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Issue Date: Mar 31, 2000
Aid workers have warned of an impending humanitarian crisis in the flood-affected areas of Mozambique. After weeks of flooding from torrential rain that killed 67 people and displaced 21,000, the cyclone Eline lashed the country on February 22 making matters worse.

Developing issues

Issue Date: Jan 31, 2000
the growing livelihood insecurity that the masses face due to depletion and degradation of environmental resources, population explosion, unemployment and poverty have marked the end of the 20th century. The development sector involved in contesting these issues at the local level has raised more questions than answers. The sector finds it difficult to set an agenda while understanding the global processes of change and its implications at the grassroots level.

The rich are enjoying themselves at the expense of poor people's health

Issue Date: Jan 15, 2000
How does pollution affect the poor? In the developed countries, it is not the poor who are responsible for environmental problems. It is the richer class which owns more than one car per family, who dump their waste in the neighbourhood. Therefore, the rich are enjoying themselves at the expense of poor people's health. Similarly, people in developing countries are using second-hand and outdated technology that has been dumped by the developed countries. The poor are affected in two ways: both by the foreign as well as the mother countries.

One up

Issue Date: Dec 31, 1999

Taking stock

Issue Date: Dec 31, 1999
seven years after the 1992 Earth Summit at Rio de Janeiro in Brazil, where countries around the world vowed to stop desertification, officials gathered in another Brazilian city of Recife to assess local as well as global regeneration measures undertaken so far. More than 150 countries signed the Recife Initiative, which aims to take stock of the mounting ecological and social catastrophes. The countries have resolved to protect fertile land from desertification.

Nurture nature

Issue Date: Nov 15, 1999
environment is related essentially in two forms -- as a productive input and an amenity. In the former, the ecosystem directly contributes to the Gross Domestic Product ( gdp ) and, therefore, it is significant for the group of organisms (read people) during the course of their growth and development -- the developing world. The latter form, meanwhile, is related to those group of people who have already achieved a desired level of growth and social equity -- the developed world.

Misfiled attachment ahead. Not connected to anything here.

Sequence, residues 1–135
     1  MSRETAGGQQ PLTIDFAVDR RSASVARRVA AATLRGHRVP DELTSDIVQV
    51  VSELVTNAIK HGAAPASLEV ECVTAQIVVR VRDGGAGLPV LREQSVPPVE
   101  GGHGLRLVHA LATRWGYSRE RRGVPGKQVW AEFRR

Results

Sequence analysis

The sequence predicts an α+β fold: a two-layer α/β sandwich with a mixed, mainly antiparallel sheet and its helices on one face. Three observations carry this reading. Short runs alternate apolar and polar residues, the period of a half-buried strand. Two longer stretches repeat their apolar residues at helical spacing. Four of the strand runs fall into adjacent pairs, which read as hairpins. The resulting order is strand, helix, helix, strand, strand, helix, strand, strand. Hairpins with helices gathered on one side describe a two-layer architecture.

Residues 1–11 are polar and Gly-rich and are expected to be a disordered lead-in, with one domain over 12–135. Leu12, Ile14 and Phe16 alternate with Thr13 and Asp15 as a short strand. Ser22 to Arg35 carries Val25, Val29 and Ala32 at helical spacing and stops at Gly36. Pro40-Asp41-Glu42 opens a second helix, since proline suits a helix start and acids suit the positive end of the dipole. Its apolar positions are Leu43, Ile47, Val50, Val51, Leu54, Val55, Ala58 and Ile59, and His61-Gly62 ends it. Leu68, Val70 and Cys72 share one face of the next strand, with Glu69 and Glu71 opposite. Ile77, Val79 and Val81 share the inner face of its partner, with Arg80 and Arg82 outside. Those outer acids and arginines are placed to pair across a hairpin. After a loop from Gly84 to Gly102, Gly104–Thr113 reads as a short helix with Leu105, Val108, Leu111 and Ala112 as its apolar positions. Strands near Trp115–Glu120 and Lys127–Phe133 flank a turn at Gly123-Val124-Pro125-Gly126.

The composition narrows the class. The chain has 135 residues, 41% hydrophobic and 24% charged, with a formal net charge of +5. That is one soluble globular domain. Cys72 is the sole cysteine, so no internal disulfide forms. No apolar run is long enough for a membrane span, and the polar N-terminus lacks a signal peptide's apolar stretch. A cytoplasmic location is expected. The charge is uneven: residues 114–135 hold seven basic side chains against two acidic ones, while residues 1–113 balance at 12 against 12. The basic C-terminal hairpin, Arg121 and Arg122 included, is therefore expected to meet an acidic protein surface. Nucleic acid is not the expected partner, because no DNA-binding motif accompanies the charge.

Labour vs pollution

Issue Date: Oct 15, 1999
Roy: I would say there are three major issues on which people should focus the discussion. Firstly, is that it is easier to take decisions regarding labour than capital. Is it something that can be changed. Secondly, can the environmentalist and the labour movements work together? If they want to work together then the question is how can we move towards that situation. Thirdly, do we want to learn from history?

Sensitive economics

Issue Date: Apr 30, 1999
I read your piece on Amartya Sen with great interest. I, too, have some reservations on the stand taken by the Nobel laureate. As an economist schooled in the uk and the us , Sen is most likely to ignore poverty's ecological dimensions. But can the people working to alleviate the ecological poverty of the have-nots produce viable answers to correct economic and social disparities? Interestingly, the same issue carries the story of Sukhomajri.

Trouble in Tripura

Issue Date: Apr 30, 1999
Brata Kumar Reang, a farmer from Gachhimpara village of Dashda block in the extremist-dominated Dhalai district of north Tripura has had to barter his son in exchange for just 10 kg of rice. Unable to feed his family, Reang first sold his cattle and when the situation got worse, he sold his four-year-old son to his neighbour, who was a little better off than him.

A question of priorities

Issue Date: Apr 15, 1999
The world has sufficient resources to accelerate progress to accelerate progress in human development for all and to eradicate poverty. According to the United Nations Development Programme's Human Development Report 1998, the total additional yearly investment required to achieve universal access to basic social services would be an estimated US $40 billion, which is 0.1 per cent of the world's income.
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